Getting Your Project Management Office Off the Ground - Page 1

Jan 16, 2008

George Hunte

Today, organizations spend a large amount of their time delivering projects. While success rates have improved to approximately 34%, 15% of all projects still fail and 51% are somehow “challenged,” according to research from the Standish Group.

There are many reasons why projects fail—many of which can be attributed to a lack of visibility into long-term project needs. Without proper visibility, organizations are unable to see what is needed six months, three months, or even two months down the road, resulting in poorly constructed project plans that do not capture critical dependencies, including assigning project resources and key milestones.

While developing a software process improvement program can be costly, studies have shown that the resulting benefits of improved time-to-market, productivity and software quality far outweigh the initial investment costs. Establishing a PMO is the first step towards improving:

  • Project, program and portfolio management best practices;
  • Time-to-market acceleration; and
  • The quality of your initiatives in a cost-effective manner.

    Getting Your PMO Started

    The first step to establishing a PMO is to determine your organization’s needs. Start by examining the key processes in the areas of project, portfolio and program management as defined, for example, by the Project Management Institute’s (PMI’s) PPM/PMO framework.

    This framework has three levels (project, program and portfolio), each of which broken down into 12 process groups (e.g., project initiation, project planning, etc.). The process groups consist of 92 processes in total, and these processes relate to the management of nine knowledge areas (e.g., scope, cost, time and resources, etc.). Examples of PMI processes/components include a project charter, project plan, work breakdown schedules and cost estimate.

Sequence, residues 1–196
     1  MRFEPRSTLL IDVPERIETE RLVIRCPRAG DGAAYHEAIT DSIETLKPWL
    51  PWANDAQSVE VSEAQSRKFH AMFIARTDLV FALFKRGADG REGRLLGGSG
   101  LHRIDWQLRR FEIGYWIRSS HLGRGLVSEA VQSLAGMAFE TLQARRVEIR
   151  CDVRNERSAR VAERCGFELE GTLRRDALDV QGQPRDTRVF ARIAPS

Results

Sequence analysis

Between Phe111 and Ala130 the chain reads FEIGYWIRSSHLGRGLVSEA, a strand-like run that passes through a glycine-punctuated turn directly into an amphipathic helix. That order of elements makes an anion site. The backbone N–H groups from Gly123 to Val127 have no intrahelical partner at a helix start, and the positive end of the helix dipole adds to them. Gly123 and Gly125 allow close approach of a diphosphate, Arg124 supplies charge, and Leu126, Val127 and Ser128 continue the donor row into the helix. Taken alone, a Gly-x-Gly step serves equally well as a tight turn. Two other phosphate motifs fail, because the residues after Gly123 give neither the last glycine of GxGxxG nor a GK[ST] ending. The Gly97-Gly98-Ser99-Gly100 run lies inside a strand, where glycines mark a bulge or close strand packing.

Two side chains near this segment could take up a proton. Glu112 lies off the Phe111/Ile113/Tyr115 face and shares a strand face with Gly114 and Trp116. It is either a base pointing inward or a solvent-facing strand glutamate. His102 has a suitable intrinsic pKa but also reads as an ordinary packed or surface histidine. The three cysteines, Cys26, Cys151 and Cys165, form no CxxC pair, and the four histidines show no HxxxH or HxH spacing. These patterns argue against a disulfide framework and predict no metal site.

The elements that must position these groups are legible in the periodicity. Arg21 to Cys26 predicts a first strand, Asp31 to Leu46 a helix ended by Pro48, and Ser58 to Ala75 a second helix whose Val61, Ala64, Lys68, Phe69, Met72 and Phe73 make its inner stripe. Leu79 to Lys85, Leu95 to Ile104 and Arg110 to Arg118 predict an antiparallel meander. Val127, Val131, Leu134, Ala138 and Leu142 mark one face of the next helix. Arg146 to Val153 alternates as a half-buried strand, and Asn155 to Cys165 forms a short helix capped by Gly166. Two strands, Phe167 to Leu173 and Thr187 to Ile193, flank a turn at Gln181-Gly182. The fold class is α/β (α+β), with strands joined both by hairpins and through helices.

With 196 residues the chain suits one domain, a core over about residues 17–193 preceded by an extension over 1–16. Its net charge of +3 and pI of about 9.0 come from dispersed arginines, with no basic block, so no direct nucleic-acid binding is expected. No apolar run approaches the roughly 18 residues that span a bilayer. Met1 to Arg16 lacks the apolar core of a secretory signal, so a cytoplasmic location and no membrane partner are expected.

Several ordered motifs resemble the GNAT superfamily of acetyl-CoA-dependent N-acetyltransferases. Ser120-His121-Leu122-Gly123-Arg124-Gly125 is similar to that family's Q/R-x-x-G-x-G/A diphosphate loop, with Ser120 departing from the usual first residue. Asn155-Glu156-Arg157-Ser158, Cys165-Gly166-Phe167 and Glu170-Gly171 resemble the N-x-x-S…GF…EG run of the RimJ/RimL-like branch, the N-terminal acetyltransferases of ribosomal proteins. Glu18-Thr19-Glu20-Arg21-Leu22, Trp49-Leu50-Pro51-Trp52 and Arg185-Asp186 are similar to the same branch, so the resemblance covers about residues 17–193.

You must also determine what type of management office best suits your needs—project, program or portfolio. In some cases, all three might be necessary but in order to help decide what is right for your organization, each is defined below.

    A project management office oversees a temporary effort with a definite starting and ending point. The project management office helps development teams finish projects on time and on budget through the use of established best practices, while ensuring the finished project or product meet stakeholder requirements.

    A portfolio management office oversees a collection of projects aligned to meet specific business objectives. For example, a retailer needs to reach out to five million new customers via the Internet. In this case, a portfolio could consist of e-commerce initiatives that support the common strategic initiatives related to establishing a Web presence. Key objectives of a portfolio management office include aligning portfolios of projects and services to business goals and managing risk exposure to the business.

    A program management office oversees a collection of projects or portfolios that, when managed together, often provide greater benefits than if they were managed separately (for example, a compliance initiative or cost reduction initiative). A program management office is typically tasked with providing an optimal mix of resources and achieving economies of scale.

    To determine what management office best suits your needs, analyze the importance to your organization of each PMI process. For example, if your immediate issue is to improve project success rates, then consider starting with a project management office. If your immediate issue is the need to understand where your dollars are being spent, consider starting with a portfolio management office.

    The results of your needs analysis will guide you in determining which of the three offices are most suitable for your organization. It is also important to note that while the project and program offices are typically established first, there is no real predefined order you need to follow.

  • For more on Project Management go to Project Manager

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    Tags: Project management, IT budgets, IT Leadership,

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